Amazon 'Prime Day' aims to lure more premium subscribers

Amazon will host Prime Day, a shopping event touted as having 'more deals than Black Friday' on July 15 for members of its premium subscription service. Prime has been a huge success for the e-retailer, and subscribers buy often and spend more on the Amazon website. 

Paul Sakuma/AP/File
An package awaits delivery from UPS in Palo Alto, Calif. Amazon will host Prime Day, an international shopping event that will have "more deals than Black Friday" on July 15 for its Prime members.

Amazon is offering a global shopping event that has “more deals than Black Friday” to commemorate its 20th birthday and entice consumers to sign up for its premium subscription service. Doing so is key for the e-retailer: Prime has been a huge success for Amazon, and it could be a key factor in securing consumers' loyalty as the e-commerce space becomes increasingly crowded with competitors. 

On July 15, Amazon will host Prime Day, an international daylong sale, the e-commerce company announced Sunday. The sale is exclusively available for Prime members in the US, United Kingdom, Spain, Japan, Italy, Germany, France, and Austria. Shoppers in the US will be able to find deals at midnight, with new offers coming on as often as every 10 minutes.

Now in its 10th year, Prime, which costs $99 per year, has a range of perks, including free two-day shipping and unlimited streaming of TV shows, movies, and songs. Although Amazon has yet to disclose how many people participate in the service, CEO Jeff Bezos said in the company’s 2014 fourth quarter financial statement that Amazon has “tens of millions” of subscribers. Worldwide paid membership grew 53 percent in 2013, with US membership growing 50 percent that year. In January 2015, Re/Code reported that a partner at Amazon said the company had around 60 million Prime members worldwide. In May, Consumer Intelligence Research Partners (CIRP) estimated that Amazon Prime had 41 million US members.

But for Amazon, Prime doesn't just offer up millions of customers paying $99 per year for free shipping; it also offers up customers who spend more than their non-Prime counterparts. CIRP found that Prime members in the US spend on average about $1,100 per year, while non-members spend about $700 in that time frame, adding up to an extra $164 billion spent by Prime members per year.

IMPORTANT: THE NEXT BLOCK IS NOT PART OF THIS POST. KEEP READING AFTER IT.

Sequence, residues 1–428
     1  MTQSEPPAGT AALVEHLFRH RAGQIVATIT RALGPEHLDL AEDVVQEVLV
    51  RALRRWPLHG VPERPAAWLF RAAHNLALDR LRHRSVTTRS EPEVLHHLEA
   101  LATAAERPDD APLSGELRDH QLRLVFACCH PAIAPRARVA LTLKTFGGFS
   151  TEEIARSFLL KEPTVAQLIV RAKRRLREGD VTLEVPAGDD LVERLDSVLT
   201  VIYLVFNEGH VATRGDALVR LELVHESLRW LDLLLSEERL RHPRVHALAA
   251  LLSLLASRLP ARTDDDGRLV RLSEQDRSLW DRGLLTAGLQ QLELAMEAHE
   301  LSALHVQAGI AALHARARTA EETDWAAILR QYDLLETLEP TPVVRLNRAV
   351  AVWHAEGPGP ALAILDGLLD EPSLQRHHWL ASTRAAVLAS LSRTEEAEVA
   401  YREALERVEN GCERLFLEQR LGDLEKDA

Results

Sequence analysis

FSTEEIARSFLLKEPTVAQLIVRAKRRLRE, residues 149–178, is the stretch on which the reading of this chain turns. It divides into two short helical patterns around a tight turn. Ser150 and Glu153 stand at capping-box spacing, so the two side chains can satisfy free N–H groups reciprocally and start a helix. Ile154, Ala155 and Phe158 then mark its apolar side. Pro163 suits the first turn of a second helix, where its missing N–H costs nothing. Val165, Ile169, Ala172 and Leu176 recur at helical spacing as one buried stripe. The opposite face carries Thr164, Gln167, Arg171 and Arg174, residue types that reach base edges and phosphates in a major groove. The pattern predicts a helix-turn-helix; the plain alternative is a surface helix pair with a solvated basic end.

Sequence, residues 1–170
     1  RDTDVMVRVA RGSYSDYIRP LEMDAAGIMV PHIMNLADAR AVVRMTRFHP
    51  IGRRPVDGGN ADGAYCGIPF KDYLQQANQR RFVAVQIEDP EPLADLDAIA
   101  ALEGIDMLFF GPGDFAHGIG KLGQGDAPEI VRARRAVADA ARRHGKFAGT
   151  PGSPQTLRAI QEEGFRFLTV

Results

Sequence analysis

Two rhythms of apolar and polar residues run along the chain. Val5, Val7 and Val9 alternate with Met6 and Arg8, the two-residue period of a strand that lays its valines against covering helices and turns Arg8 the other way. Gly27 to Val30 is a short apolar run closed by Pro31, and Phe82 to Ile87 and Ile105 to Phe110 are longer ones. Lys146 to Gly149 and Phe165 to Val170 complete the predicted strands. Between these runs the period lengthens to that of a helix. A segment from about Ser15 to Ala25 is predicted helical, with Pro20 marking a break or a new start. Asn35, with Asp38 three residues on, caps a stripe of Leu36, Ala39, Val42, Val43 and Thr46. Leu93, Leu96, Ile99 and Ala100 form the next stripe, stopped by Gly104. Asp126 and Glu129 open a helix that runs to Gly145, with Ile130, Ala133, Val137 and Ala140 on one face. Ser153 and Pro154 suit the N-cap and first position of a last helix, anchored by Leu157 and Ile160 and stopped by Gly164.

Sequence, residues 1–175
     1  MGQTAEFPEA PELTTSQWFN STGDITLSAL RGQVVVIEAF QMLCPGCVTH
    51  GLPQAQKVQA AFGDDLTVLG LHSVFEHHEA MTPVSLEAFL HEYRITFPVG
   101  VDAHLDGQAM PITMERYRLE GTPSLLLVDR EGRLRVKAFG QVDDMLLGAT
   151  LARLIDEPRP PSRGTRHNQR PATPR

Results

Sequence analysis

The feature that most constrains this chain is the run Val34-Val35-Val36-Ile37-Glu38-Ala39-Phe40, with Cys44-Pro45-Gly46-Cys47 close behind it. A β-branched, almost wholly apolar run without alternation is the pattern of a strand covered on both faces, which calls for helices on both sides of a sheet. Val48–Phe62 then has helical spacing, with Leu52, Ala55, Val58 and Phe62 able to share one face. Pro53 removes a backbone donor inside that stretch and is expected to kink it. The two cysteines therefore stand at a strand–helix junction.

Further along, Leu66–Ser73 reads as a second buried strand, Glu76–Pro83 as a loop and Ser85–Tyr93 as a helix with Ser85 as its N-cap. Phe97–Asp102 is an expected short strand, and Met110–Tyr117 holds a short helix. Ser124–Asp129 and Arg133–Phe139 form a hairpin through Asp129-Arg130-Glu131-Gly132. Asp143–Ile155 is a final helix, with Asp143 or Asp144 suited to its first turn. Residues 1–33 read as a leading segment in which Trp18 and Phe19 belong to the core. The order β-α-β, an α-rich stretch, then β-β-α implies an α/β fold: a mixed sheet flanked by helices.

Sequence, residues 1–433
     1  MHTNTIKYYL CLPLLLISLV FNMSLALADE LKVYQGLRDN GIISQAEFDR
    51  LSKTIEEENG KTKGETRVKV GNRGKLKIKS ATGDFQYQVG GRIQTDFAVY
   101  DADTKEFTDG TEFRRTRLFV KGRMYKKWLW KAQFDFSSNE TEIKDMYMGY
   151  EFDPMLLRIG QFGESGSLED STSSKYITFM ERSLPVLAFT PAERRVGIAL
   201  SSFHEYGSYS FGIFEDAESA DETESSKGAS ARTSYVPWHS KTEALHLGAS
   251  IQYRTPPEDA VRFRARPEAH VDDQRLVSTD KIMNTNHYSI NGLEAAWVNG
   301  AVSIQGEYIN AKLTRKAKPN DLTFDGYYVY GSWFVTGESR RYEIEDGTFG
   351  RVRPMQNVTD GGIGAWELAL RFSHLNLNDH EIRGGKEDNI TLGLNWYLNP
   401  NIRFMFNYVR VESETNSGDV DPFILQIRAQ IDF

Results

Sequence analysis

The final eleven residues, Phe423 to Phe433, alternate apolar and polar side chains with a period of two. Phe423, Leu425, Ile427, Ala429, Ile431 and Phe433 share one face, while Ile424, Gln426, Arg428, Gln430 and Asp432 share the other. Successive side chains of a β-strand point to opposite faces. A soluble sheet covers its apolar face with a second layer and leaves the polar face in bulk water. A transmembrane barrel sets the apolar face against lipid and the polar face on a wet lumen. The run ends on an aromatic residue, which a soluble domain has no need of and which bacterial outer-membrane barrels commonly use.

The extra spending could attributed to the company’s "conversion rate" – how often retailer gets a website visitor to become a paying customer. In June, website traffic measurement firm Millward Brown Digital found that when Amazon Prime members go to the site, they "convert" (buy something) 74 percent of the time, Internet Retailer reported. In comparison, non-Prime members convert 13 percent of the time. And it turns out that Prime members are very loyal: when they go to other online retailers, such as Walmart or Target, they convert just 6 percent of the time.

In late April, Amazon reported its first quarter sales were $22.72 billion, 15 percent higher compared to 2014’s first quarter. The company estimates its second quarter sales will be between $20.6 billion and $22.8 billion, which means sales would grow grow between 7 percent and 18 percent compared to last year’s second quarter.

Amazon did not disclose how much of its sales comes from Prime members. But if CIRP’s estimates within the ballpark of Amazon’s actual numbers, then it is a no-brainer for the online retailer to continue to expand Prime. Besides the Prime Day sale, Amazon has extended its Prime Now service, where members in select US cities can order “essential” items on their mobile devices and have their orders delivered within two hours for $7.99. Last week, Amazon started to offer the service in certain parts of London, according to CNET.

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